Since reforms were initiated in 1978, the economic development of China has been tremendous. The World Bank reports that the poverty reduction has been significant in this period (The World Bank 2009). The poverty measures are however subject to debate and uncertainty. Correcting for the cost of living is essential to poverty measurement, making prices a central part of the poverty reduction discussion. Considering the geography and large population of China, regional price levels are likely to differ. It has been suggested in the literature that urban prices are systematically higher than those in rural areas (Brandt and Holz 2006). Furthermore, economic development have been concentrated in coastal provinces, leading to increased regional differences. Provincial protectionism evolving throughout the reform process (Young 2000) can be expected to contribute to increasing price level differences. It is thus reasonable to expect that failing to adjust for regional price levels has a significant impact on poverty estimates. More specifically, as we expect prices to be relatively lower in rural areas, this has the potential to lead to an overestimation of rural poverty relative to urban poverty. However, identifying price levels that allow for comparisons across provinces, i.e. Spatial Price Indexes (SPI) is challenging methodologically as well as empirically, as lack of sufficient data is often an issue.
In this thesis we make a first attempt to identify Chinese SPIs by applying a simple, but empirically robust, economic theory – namely Engel’s law – on Chinese household data. Incomes are then adjusted using the new price estimates given by the SPI, providing new estimates of real income. National poverty lines using the 1 dollar a day definition are constructed, and poverty estimates based on nominal and real incomes are then compared in order to investigate the effect of adjusting for spatial price level differences.
We estimate Engel curves for food based on Chinese household data on consumption expenditures. The resulting price level estimates are used to derive the SPIs. This method is similar to that of Hamilton (2001). Hamilton uses Engel’s law to estimate bias in the consumer price index. Hamilton suggests that the Engel curve approach could be extended and used in the estimation of movements in the cost of living. By acknowledging the analogy between the SPI and the CPI we are able to deal with the problems related to the construction of the SPI directly– by applying the method proposed by Hamilton to estimate spatial price levels for Chinese provinces.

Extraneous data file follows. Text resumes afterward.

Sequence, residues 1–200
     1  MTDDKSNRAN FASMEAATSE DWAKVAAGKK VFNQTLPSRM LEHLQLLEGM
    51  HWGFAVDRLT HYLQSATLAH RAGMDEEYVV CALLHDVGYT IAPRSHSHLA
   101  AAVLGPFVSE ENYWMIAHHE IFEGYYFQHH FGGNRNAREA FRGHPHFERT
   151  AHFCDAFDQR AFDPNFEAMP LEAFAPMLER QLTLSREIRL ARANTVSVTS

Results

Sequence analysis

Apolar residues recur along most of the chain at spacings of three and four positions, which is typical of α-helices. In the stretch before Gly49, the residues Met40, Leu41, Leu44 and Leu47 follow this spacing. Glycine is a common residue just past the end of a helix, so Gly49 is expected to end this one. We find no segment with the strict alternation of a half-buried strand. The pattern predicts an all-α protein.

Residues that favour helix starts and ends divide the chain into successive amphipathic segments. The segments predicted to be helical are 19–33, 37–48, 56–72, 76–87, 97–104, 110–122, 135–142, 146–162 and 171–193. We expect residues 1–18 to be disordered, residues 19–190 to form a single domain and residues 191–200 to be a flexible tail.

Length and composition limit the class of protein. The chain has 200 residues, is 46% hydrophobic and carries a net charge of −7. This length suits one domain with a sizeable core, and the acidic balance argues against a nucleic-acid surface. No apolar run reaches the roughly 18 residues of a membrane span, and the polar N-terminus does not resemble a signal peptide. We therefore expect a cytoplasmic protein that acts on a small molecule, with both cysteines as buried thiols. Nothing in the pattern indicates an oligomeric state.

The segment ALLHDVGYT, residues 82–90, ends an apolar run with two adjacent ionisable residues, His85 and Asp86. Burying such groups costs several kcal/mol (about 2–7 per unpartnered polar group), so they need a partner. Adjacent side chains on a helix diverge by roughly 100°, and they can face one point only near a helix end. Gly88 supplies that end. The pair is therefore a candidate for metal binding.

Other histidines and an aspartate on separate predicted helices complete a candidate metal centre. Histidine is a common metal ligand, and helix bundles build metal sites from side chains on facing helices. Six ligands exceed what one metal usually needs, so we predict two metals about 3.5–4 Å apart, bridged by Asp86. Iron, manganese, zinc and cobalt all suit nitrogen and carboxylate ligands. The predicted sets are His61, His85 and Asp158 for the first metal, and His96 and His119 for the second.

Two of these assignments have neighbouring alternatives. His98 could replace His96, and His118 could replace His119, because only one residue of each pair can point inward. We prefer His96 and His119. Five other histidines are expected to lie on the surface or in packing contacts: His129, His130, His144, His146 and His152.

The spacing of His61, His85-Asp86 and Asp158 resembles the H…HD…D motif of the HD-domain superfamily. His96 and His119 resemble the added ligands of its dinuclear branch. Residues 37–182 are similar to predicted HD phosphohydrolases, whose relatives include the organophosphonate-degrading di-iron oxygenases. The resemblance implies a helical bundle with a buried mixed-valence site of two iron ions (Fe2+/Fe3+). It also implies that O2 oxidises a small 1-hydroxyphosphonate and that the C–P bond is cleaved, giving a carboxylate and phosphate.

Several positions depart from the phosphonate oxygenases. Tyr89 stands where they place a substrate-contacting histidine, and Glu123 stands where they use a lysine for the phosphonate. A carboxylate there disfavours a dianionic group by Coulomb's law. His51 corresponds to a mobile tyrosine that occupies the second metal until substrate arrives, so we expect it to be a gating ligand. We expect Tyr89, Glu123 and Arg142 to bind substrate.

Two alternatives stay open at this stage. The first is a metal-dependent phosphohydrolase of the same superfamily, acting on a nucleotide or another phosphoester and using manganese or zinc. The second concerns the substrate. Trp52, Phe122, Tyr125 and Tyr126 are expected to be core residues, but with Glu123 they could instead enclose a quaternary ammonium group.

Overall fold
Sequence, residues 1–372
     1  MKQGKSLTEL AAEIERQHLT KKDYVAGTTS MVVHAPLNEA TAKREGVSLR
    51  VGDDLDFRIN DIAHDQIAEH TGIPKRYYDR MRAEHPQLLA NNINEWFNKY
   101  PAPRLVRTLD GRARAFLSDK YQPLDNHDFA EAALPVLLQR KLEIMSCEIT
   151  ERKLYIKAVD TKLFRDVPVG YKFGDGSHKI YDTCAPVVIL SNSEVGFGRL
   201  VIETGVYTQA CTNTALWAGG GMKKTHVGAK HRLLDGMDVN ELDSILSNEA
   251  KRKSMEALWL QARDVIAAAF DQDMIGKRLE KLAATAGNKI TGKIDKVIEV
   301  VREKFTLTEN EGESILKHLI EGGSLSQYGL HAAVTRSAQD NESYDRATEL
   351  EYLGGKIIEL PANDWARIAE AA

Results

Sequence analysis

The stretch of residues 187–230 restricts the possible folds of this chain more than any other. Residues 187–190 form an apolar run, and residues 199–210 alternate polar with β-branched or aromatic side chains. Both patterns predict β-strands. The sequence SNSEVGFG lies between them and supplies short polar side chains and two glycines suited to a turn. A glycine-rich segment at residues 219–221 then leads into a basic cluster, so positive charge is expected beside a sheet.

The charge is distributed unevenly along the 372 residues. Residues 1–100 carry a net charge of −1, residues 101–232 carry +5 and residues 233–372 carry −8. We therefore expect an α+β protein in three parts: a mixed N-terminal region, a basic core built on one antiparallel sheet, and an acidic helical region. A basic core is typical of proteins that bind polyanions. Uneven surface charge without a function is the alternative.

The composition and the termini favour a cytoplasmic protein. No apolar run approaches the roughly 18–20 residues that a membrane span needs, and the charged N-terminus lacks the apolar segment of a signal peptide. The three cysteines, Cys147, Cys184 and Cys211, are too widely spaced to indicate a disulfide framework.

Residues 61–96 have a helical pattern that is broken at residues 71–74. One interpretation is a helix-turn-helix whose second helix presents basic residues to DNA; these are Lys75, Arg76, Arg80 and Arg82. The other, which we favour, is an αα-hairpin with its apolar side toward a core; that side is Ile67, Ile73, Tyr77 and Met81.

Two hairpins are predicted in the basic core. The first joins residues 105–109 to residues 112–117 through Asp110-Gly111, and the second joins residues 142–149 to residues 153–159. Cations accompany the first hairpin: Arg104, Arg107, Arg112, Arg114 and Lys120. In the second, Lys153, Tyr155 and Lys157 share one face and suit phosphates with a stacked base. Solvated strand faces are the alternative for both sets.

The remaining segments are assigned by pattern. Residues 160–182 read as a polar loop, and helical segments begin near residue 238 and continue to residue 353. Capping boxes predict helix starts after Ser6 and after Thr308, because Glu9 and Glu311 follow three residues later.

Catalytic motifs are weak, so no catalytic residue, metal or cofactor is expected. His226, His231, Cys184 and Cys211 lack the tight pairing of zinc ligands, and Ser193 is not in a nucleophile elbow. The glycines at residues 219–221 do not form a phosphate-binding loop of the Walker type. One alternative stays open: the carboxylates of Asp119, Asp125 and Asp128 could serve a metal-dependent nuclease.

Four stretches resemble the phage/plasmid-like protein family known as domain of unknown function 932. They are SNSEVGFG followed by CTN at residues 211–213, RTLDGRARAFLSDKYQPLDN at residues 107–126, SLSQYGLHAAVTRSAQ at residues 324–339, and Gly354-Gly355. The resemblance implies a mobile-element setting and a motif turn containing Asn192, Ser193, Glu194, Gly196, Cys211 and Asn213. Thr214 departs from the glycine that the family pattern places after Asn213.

This allows us to investigate whether provinces have different price levels, and furthermore whether the price levels differ according to whether a household is located in the urban or rural part of the provinces. Engel’s law provides the theoretical background, and the method is based on the same principles as Hamilton’s method. Consequently, the idea is that if two identical households located in different provinces have the same budget share for food but different nominal income; this reveals a price level difference. Adjusting incomes using these price level estimates, we get new estimates of real income, which allows us to investigate how adjusting for spatial price level differences affect poverty estimates.
Two findings for relative prices are now presented. First, we find that there are large differences between rural and urban price levels in both 1995 and 2002. Second, the SPI estimates show less national price dispersion in 2002 compared to 1995. Subsequently, adjusting incomes for spatial price differences has a large effect on poverty estimates, from which six poverty findings appear. First, national poverty rates are significantly lower when adjusting for spatial price differences. Second, nominal incomes on the one hand indicate that there was a reduction in poverty from 1995 to 2002 – real incomes, on the other hand, indicate the opposite. Third, the urban poverty incidence is higher when correcting for local price levels. Fourth, nominal incomes indicate that urban poverty is increasing in the period from 1995 to 2002, while urban poverty is reduced in this period according to real income measures. Fifth, adjusting for different price levels greatly reduces rural poverty incidence, nevertheless poverty is still a rural issue. Sixth, the urban/ rural poverty gap is reduced throughout 1995-2002 in nominal terms, but this pattern is not evident when examining poverty estimates based on real incomes.
The chosen approach in this thesis has two clear advantages. For one, even in cases where regional price data actually exists, the construction of a SPI is a time-consuming and a complex procedure (see Brandt and Holz (2006) for a thorough explanation). The Engel curve approach however, is much more straightforward and less tedious approach. Second and perhaps the most important argument, the strength of the Engel curve approach is that the cost of living is inferred directly from consumer behavior (Hamilton 2001). Moreover, the strength of this analysis is the inclusion of a large number of rural as well as urban households covering several provinces in all of China’s regions. When considering poverty rates, inclusion of rural areas is of utmost importance. This allows for the investigation of the relative price levels of the less advanced economic regions compared to urban areas.